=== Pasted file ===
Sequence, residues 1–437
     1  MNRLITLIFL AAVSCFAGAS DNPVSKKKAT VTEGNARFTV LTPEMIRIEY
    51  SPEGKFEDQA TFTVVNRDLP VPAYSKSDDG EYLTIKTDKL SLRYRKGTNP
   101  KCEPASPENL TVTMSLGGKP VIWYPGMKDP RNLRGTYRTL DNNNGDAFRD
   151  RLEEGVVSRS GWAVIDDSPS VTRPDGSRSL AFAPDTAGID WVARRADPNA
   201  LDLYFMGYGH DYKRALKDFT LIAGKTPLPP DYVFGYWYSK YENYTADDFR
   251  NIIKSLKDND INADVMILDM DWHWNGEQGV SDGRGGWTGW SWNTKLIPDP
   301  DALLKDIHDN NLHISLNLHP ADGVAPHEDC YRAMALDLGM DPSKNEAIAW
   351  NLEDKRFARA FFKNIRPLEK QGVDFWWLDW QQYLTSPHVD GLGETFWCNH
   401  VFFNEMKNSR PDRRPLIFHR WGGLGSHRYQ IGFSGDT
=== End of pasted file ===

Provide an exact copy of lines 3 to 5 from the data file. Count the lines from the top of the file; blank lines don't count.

    51  SPEGKFEDQA TFTVVNRDLP VPAYSKSDDG EYLTIKTDKL SLRYRKGTNP
   101  KCEPASPENL TVTMSLGGKP VIWYPGMKDP RNLRGTYRTL DNNNGDAFRD
   151  RLEEGVVSRS GWAVIDDSPS VTRPDGSRSL AFAPDTAGID WVARRADPNA